The Suspense of August

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No wind, no bird. The river flames like brass.
On either side, smitten as with a spell
Of silence, brood the fields. In the deep grass,
Edging the dusty roads, lie as they fell
Handfuls of shriveled leaves from tree and bush.
But ’long the orchard fence and at the gate,
Thrusting their saffron torches through the hush,
Wild lilies blaze, and bees hum soon and late.
Rust-colored the tall straggling briar, not one
Rose left. The spider sets its loom up there
Close to the roots, and spins out in the sun
A silken web from twig to twig. The air
Is full of hot rank scents. Upon the hill
Drifts the noon’s single cloud, white, glaring, still.
~Lizette Woodworth Reese,  “August” from A Branch of May: Poems by Lizette Woodworth Reese

 

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August suspends me timeless. There is little that is new on the horizon, only a fading and withering of that which is already spent.  The carefully woven web frays and shreds, the blossom wilts, the dawn flares in, the twilight flames out.

I wake to dry stillness – no wind, no bird song –  the suspense of waiting and wondering what is coming next.

I prepare as best I can: today I gather.  Today I waste no time.

 

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Gather ye rose-buds while ye may, 
Old Time is still a-flying; 
And this same flower that smiles today 
Tomorrow will be dying. 
The glorious lamp of heaven, the sun, 
The higher he’s a-getting, 
The sooner will his race be run, 
And nearer he’s to setting. 
That age is best which is the first, 
When youth and blood are warmer; 
But being spent, the worse, and worst 
Times still succeed the former. 
Then be not coy, but use your time, 
And while ye may, go marry; 
For having lost but once your prime, 
You may forever tarry.
~Robert Herrick “To the Virgins, to Make Much of Time”

 

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The Root Goes Deep

lilywwu
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Spun silk of mercy,
long-limbed afternoon,
sun urging purple blossoms from baked stems.   
What better blessing than to move without hurry   
under trees?
Lugging a bucket to the rose that became a twining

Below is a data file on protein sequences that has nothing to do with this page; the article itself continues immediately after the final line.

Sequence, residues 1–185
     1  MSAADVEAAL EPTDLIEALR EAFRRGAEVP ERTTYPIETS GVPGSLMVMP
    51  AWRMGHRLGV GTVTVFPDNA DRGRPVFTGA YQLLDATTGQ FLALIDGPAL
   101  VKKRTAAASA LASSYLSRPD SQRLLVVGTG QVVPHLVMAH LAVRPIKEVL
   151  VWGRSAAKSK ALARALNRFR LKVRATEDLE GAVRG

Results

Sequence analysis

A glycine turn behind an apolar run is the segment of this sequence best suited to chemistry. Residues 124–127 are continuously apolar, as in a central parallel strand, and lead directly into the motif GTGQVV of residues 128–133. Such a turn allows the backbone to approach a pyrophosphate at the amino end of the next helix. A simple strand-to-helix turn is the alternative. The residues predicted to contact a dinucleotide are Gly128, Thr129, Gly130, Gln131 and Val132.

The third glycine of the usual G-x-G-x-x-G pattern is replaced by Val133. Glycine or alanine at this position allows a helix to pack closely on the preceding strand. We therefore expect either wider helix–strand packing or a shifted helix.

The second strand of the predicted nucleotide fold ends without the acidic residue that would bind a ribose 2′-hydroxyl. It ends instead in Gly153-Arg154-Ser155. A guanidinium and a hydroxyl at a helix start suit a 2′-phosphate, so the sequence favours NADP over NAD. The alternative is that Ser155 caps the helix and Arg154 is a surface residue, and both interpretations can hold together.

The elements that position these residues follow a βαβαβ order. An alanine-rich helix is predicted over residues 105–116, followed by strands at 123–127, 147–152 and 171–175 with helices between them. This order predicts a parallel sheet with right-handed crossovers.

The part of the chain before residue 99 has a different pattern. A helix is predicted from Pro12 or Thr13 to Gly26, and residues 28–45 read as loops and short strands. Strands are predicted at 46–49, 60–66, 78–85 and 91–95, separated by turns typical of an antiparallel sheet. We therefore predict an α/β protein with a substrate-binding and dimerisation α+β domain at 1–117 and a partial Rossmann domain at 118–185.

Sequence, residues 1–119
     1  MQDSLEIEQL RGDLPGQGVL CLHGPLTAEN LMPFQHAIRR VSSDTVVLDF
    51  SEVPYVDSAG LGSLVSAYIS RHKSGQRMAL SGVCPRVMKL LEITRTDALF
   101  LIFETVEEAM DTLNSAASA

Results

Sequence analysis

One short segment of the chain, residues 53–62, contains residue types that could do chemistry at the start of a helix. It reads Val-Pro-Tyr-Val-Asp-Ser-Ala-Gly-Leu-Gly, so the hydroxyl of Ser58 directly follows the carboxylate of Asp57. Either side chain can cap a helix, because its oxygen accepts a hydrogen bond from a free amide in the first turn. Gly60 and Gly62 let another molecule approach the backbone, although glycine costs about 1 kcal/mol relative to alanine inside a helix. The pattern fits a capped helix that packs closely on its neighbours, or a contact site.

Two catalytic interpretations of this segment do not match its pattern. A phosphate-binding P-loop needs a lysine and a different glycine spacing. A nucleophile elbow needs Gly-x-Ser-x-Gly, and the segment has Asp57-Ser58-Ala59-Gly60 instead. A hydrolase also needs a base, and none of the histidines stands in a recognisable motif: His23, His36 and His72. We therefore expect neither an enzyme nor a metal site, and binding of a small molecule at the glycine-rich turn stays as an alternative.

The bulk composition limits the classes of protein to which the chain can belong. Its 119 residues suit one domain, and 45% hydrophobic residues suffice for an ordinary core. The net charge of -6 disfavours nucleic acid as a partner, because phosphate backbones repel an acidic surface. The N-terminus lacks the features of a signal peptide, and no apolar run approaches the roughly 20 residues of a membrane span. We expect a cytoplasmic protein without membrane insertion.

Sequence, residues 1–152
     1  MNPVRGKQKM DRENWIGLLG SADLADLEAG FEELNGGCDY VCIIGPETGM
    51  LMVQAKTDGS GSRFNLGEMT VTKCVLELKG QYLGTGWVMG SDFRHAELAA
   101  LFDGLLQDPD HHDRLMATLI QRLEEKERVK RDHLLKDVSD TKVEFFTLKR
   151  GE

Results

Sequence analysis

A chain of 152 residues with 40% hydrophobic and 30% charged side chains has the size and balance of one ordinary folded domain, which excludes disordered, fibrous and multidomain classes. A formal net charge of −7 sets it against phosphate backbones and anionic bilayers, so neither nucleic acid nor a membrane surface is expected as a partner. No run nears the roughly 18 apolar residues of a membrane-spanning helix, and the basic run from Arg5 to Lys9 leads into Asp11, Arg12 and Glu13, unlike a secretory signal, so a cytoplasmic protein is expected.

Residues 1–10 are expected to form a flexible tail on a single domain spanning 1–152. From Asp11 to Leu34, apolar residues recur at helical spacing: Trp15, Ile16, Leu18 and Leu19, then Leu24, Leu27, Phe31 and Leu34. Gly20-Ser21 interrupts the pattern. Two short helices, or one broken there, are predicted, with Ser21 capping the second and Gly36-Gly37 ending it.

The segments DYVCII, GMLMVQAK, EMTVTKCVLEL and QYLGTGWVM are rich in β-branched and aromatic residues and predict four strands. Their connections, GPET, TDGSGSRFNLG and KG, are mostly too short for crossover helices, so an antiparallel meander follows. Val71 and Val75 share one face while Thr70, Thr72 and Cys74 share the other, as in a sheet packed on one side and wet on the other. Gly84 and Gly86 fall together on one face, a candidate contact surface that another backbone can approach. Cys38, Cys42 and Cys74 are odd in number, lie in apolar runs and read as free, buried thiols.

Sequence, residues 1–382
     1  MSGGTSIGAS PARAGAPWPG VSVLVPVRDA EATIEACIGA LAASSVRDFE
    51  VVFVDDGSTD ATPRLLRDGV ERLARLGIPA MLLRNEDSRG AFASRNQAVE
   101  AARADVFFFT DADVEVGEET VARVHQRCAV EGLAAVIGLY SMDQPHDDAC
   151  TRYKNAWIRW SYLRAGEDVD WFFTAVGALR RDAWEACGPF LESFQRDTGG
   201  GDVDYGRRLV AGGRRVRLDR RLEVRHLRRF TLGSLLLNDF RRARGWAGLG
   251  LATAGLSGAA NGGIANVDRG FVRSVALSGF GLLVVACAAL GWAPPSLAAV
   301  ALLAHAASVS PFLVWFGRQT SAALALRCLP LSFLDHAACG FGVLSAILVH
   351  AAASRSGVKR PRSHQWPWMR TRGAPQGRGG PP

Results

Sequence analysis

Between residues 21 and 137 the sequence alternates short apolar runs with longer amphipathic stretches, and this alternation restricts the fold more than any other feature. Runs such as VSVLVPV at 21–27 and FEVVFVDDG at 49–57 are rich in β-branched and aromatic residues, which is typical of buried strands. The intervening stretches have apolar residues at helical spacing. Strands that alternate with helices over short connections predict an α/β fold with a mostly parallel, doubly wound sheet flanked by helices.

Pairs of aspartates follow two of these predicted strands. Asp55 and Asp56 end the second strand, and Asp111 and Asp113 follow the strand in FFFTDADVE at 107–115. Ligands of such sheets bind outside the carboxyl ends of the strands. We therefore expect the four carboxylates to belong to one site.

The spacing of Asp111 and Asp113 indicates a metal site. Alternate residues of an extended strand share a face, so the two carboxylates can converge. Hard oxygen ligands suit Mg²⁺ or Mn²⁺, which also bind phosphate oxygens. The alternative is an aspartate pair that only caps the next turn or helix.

house by now, roof and walls of vine—

you could live inside this rose.

 

I want to know the root goes deep   
on all that came before,
you could lay a soaker hose across   
your whole life and know
there was something
under layers of packed summer earth   
and dry blown grass
to moisten.
~Naomi Shihab Nye from “Last August Hours Before the Year 2000”
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Parched as I might feel,
drying and fragile,
crumbling at the edges
there is still the hope of my roots down deep
waiting patiently
for some moisture to bring me backso I can once again
be blossom
and fragrance
and fruit
and blessing
restored.
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lilywwu

Rabbit-Light

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redsun2

 

The difficulty to think at the end of day,
When the shapeless shadow covers the sun
And nothing is left except light on your fur—

….and August the most peaceful month.

To be, in the grass, in the peacefullest time,
And to feel that the light is a rabbit-light
In which everything is meant for you
And nothing need be explained;

You become a self that fills the four corners of
night.
~Wallace Stevens, from “A Rabbit As King of the Ghosts”

 

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August brims with fullness in need of emptying –
a spilling over of light and sun and heat.

With so much of everything in mid-summer,
I welcome relief
in a cool whiff of a misty morning.

Even my rabbit-light fur
is beginning to darken and in-fill
in anticipation of long dark winter days.

Like the pulsing vessels
in twitching transparent ears,
both warming and cooling,
I will fill the empty spaces.

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Tomorrows Less Long Than Today

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dandyglow1